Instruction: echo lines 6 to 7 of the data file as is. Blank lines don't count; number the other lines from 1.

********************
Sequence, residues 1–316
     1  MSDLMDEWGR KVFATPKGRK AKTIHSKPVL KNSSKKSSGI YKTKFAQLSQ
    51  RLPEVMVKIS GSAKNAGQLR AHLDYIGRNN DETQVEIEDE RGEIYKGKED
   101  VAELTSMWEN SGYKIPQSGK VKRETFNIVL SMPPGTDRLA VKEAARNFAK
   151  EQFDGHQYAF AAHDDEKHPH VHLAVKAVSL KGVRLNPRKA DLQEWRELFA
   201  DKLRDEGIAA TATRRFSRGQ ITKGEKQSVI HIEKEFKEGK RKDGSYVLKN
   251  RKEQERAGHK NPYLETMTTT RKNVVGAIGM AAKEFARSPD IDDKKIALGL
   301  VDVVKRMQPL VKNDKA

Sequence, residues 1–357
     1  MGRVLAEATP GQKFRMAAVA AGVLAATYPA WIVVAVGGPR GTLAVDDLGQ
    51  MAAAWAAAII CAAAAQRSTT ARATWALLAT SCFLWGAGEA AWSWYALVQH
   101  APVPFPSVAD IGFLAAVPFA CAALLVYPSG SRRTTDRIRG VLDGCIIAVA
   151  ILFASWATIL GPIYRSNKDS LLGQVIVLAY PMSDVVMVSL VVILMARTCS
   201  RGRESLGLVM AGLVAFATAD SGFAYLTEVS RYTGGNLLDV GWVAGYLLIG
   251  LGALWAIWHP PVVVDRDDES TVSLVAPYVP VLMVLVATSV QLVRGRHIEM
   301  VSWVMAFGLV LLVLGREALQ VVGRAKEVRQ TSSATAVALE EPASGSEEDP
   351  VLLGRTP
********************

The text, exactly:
   201  DKLRDEGIAA TATRRFSRGQ ITKGEKQSVI HIEKEFKEGK RKDGSYVLKN
   251  RKEQERAGHK NPYLETMTTT RKNVVGAIGM AAKEFARSPD IDDKKIALGL